What specialty are you training in?. As a now retired general surgeon, there was no way I could train during residency. This was back in the days before the rules required limited time in the hospital. My first stint during internship lasted 3 days, before i got home. I recommend, not training, but simply trying to maintain what you have until there is more time and less stress in your life. I actually cut short my racing career in my mid 50’s due to job stress, long after residency

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Maybe look into doing traditional base instead. I find that I can do a lot more endurance riding than HIT, especially when other things in life are also stressfull. Even if that isn’t for you, switching out some of the workouts for endurance ones when you’re feeling tired might help.

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I’m a PGY-1 with a widely variable schedule that does a lot of q4 call (I’m also med-peds, so every three months I need to remember a different type of medicine). I’ve had a lot of success this year with planning for 1-2 key workouts per week and Z2/Z3 prn the rest of the week when I have time. My FTP has gone from 338 to 360 since starting residency. I don’t adhere to a specific schedule because of the variability in leaving the hospital; instead, I know what I want to accomplish during the week and I achieve it when my schedule allows. I would get too irritated with missing specifically planned workouts if I had them on my calendar.

I look ahead on my schedule and when I have lighter rotations, I plan for hammering volume. Those lighter rotations are often followed by intensive rotations; the schedule almost forces periodization. I’m currently on a light rotation and doing 15-20 hours/week, but starting in March, I’m in the NICU with call, so that means I’m pulling back. If you’re race-oriented, picking disciplines that do not require massive volume would be beneficial. Because I am not a smart man, I’m signed up for Unbound and Steamboat this summer :joy:.

Props to you for getting up early and on the bike. I have to be in sometime between 6 and 7 most days, and waking at before 5 to ride just doesn’t work for me. I think one key is discuss with your partner protected time for your riding so expectations are clear regarding work, child care, and play. I try to communicate my plans with my partner well in advance of them happening (and I don’t have a kid!).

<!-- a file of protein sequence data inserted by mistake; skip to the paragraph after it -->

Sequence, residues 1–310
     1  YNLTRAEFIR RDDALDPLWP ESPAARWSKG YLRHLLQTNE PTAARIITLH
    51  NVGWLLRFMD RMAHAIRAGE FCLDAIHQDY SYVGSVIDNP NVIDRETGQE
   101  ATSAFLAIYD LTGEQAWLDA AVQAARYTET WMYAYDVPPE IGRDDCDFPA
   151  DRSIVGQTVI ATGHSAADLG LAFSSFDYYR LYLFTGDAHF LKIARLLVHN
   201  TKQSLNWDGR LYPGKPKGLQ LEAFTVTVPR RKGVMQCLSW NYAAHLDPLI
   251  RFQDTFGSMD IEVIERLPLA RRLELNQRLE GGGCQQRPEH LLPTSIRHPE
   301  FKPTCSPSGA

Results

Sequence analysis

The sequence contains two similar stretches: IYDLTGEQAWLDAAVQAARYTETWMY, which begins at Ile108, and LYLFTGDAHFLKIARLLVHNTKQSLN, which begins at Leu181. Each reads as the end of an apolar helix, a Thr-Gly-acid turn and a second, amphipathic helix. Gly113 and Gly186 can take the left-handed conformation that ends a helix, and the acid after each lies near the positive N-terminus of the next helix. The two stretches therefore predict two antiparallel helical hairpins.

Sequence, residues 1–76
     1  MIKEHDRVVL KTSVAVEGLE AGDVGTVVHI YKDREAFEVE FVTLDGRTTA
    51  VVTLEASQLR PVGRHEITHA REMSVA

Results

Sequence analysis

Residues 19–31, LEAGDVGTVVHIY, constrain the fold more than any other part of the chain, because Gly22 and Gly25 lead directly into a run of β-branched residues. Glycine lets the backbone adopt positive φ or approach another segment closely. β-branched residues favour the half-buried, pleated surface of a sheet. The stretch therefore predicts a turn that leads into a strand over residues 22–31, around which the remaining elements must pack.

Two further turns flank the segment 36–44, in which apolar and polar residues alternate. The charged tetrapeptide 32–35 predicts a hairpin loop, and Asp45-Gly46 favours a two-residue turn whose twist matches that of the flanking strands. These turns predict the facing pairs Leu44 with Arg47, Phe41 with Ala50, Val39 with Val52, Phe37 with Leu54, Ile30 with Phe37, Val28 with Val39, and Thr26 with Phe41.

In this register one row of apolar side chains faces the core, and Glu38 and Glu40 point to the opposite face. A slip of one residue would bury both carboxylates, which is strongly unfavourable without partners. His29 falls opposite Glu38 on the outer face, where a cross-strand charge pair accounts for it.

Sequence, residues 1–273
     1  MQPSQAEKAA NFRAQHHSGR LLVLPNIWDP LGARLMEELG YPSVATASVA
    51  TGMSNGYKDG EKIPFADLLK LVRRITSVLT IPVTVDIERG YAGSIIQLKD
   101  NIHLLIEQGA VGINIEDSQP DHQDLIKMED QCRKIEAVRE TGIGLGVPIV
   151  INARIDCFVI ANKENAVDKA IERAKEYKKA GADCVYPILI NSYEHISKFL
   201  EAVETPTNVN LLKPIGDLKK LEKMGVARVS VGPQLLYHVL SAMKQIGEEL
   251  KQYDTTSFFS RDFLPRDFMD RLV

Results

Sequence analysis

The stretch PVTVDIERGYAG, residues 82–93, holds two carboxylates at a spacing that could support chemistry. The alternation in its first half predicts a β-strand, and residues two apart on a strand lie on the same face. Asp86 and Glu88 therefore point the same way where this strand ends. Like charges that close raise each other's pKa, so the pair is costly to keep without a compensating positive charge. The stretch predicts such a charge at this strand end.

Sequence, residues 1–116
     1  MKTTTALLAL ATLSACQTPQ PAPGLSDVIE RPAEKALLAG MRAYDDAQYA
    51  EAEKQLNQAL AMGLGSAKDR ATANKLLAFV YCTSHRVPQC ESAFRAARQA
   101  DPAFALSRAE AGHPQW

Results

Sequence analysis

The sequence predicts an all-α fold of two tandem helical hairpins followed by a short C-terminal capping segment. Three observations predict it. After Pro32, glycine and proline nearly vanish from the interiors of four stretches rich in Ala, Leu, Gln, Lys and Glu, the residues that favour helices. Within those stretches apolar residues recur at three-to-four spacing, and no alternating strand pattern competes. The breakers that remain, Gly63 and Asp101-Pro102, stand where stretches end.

When I started, I tried to tell myself that training was a bonus to doing the job. I’ve realized that it isn’t a bonus: I’m a better doctor/person/partner when I have time to ride.

10/10 I’m currently preparing for Step 3 and have done >50% of my UWorld questions on the trainer. I’ll also prep clinic notes on the trainer and read up on patients the night before going in on the trainer. (also, while Step 3 isn’t really a big deal, being done with it should be rewarded with a new bike, right???)


Damn, I wish I could get that many hours in. With my schedule (I can count on 1 hand the number of weeks with under 60 hours at work), the most I’ve gotten is 11 hours on the bike. Hoping that attending life I’ll be able to cut back on work hours.

Also, those are amazing numbers during residency. I’m hoping to break 350 by next year.

Thanks! 335 on 6 hr/wk is super strong though! :muscle:t3:

I’ve been most pleased that I haven’t totally nuked the kg side of W/kg. I eat a ton on nights to stay awake but I’ve been weight neutral.

Each of us has a “stress reservoir” and our body doesn’t know if that stress comes from lack of sleep, environmental, from training, from the job… You said it is already starting to wear on you. I would take out a “hard workout” and replace with endurance. Let your body adapt to more intensity slowly. Rather than starting with 3 and having to back off if it is too much it is better to start with 2 and add if it is not enough.

Too often I think people see that it is “in the plan” and so feel like they have to follow it. Adjust it to meet your needs, you will be better off for it.

I love Train Now. When I have time, I plug in how much time I have and hop on to an intelligently selected workout based on where I am at any given time. If I am a little bit whipped, I dial it back or pick a smaller timespan for the work out. It’s great for an irregular and compressed schedule. My FTP continues rise